Usually, the wise Varnish administrator would leave a certain amount of headroom, monitor the memory usage, and use their experience to select a cache size which would leave some free memory, even when traffic was very high.

The figure shows a simplified model of how this would work. The administrator controls the level of the black line, while everything above can vary.

Object data structures   Object data structures
Cache payload   Cache payload
Low traffic   High traffic

Figure 1: At low traffic, more memory is unused.

However, sometimes things changes, and the model breaks. Perhaps there is a breaking story on a news website or a video clip of a cat on your site unexpectedly goes viral. Perhaps a paywall solution is introduced, and the VCL uses more memory than before. The headroom suddenly is all used up, and you find yourself in deep trouble.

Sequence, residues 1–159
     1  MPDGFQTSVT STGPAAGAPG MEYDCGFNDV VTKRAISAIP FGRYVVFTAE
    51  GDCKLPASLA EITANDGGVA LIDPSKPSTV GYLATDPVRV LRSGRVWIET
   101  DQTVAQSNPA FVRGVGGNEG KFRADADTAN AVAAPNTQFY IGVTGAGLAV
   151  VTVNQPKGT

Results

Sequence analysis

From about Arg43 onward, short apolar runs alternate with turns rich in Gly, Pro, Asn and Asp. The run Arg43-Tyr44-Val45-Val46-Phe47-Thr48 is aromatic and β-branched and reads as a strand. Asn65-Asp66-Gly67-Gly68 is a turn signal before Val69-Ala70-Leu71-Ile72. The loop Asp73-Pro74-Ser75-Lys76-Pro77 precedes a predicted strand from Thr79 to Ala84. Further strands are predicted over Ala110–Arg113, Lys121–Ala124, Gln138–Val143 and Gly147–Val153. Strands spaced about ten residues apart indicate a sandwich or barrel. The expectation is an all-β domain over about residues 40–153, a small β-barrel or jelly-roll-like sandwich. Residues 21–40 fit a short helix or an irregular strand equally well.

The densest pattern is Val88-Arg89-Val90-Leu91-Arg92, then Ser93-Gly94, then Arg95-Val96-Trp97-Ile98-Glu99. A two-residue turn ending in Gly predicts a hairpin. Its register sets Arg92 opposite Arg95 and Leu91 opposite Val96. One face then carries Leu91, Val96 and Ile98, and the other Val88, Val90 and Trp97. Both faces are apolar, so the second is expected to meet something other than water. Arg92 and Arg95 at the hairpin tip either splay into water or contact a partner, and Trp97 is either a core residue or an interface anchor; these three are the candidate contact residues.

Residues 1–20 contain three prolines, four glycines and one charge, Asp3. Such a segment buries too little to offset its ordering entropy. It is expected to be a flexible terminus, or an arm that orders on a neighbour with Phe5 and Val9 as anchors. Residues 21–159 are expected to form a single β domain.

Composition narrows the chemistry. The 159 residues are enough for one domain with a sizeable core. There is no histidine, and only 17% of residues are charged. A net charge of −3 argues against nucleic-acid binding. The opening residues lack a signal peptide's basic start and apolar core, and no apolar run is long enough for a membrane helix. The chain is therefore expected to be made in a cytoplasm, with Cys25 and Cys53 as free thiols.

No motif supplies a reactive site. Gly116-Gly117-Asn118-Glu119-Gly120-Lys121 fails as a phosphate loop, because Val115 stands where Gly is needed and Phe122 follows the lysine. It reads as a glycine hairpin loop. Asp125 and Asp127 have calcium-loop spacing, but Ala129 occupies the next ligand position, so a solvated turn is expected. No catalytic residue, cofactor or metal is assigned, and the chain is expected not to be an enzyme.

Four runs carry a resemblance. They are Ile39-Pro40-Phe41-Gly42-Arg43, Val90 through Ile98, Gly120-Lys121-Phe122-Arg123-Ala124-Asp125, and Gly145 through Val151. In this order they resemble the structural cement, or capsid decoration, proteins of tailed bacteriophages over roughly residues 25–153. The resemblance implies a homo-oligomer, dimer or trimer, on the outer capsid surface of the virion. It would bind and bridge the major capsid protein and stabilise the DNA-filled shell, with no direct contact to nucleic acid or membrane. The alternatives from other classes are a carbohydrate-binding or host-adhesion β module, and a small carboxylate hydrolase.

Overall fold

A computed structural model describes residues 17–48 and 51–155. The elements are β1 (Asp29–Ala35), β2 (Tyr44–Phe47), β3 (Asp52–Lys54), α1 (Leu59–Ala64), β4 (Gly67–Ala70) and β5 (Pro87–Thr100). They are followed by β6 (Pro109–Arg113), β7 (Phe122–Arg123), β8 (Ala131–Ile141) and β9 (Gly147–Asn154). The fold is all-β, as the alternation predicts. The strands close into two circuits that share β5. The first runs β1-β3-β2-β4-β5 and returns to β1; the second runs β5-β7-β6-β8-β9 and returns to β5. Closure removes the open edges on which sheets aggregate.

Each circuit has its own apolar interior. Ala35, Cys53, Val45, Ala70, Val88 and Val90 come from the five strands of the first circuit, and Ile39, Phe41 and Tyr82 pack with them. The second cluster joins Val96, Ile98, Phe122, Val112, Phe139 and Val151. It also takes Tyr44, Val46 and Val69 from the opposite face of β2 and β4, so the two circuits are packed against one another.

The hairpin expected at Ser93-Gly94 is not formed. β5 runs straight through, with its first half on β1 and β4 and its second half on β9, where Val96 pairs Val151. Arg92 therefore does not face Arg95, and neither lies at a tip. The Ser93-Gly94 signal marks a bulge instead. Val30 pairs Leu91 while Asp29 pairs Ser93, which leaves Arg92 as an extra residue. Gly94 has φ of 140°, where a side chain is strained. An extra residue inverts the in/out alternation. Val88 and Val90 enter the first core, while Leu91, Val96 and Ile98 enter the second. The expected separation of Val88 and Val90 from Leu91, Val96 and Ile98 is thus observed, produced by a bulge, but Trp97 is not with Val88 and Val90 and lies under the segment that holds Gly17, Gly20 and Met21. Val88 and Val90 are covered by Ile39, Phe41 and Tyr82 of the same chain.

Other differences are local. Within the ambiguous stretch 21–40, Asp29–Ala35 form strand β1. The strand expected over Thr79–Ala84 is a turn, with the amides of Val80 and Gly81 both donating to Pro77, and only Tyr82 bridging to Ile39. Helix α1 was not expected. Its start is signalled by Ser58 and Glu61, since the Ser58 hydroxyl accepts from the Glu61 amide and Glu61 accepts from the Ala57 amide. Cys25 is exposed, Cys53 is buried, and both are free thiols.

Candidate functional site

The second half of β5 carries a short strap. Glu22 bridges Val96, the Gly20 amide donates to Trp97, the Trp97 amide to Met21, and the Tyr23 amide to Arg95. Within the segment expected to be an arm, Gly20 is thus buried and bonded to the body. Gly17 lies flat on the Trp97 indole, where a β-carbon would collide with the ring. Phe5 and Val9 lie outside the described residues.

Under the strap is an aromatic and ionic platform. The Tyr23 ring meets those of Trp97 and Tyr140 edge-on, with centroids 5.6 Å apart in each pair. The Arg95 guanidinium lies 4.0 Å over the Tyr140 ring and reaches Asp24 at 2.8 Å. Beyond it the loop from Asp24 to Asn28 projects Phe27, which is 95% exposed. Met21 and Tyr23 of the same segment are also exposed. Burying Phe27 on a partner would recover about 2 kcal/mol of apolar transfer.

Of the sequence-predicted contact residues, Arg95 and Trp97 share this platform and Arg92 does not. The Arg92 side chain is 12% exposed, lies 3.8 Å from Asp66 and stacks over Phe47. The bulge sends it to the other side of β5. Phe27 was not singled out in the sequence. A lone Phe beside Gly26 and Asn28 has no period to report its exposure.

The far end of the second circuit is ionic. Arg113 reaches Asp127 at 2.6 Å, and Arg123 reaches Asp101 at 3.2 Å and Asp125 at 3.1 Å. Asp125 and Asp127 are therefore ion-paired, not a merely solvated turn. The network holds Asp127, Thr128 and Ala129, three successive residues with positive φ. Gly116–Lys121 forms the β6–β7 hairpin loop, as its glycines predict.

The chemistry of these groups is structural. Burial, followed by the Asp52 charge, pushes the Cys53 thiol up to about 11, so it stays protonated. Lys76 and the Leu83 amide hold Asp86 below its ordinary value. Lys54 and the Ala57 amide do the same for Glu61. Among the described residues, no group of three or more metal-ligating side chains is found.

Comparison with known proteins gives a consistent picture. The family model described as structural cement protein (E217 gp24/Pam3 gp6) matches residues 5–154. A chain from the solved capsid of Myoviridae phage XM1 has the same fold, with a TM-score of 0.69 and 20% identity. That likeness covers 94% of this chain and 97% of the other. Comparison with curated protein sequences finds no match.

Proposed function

When such an event occurs, the wise administrator will, to be able to sleep at night again, allocate even more memory as headroom. The unfortunate effect of this is that under normal circumstances, there will be a significant amount of unused memory.

Since we are Varnish Software and obsessively focused on performance and stability, we asked ourselves a question.

Is there a way we can utilize the machine's memory resources in a more efficient way by reducing the amount needed as headroom, while also maintaining our protection against sudden, huge demand? Can we have it both ways? We can, and we can make configuring Varnish easier in the process. Hello Memory Governor.

What is the Memory Governor?